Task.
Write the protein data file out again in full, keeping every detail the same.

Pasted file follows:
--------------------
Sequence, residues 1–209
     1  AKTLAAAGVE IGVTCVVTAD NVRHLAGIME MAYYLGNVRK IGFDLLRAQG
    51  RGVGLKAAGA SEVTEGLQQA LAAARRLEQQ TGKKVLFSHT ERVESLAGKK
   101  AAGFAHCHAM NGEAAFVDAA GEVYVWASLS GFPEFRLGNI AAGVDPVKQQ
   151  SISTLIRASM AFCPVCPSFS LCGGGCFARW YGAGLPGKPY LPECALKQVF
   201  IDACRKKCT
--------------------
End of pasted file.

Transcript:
Sequence, residues 1–209
     1  AKTLAAAGVE IGVTCVVTAD NVRHLAGIME MAYYLGNVRK IGFDLLRAQG
    51  RGVGLKAAGA SEVTEGLQQA LAAARRLEQQ TGKKVLFSHT ERVESLAGKK
   101  AAGFAHCHAM NGEAAFVDAA GEVYVWASLS GFPEFRLGNI AAGVDPVKQQ
   151  SISTLIRASM AFCPVCPSFS LCGGGCFARW YGAGLPGKPY LPECALKQVF
   201  IDACRKKCT